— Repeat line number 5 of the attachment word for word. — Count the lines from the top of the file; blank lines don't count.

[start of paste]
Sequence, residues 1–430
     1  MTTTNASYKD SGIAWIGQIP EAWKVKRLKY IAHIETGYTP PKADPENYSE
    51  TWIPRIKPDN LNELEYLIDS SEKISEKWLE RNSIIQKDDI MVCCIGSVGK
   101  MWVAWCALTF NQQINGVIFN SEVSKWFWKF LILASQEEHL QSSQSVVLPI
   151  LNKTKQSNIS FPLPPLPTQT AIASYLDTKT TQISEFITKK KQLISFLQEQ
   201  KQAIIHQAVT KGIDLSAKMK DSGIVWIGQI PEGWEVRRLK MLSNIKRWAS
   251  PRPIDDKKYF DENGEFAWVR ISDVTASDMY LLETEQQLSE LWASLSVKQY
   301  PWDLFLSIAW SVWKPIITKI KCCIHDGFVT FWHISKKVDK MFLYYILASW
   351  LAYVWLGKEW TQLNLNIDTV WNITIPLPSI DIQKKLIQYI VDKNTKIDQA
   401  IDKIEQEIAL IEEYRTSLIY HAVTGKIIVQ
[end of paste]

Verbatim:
   151  LNKTKQSNIS FPLPPLPTQT AIASYLDTKT TQISEFITKK KQLISFLQEQ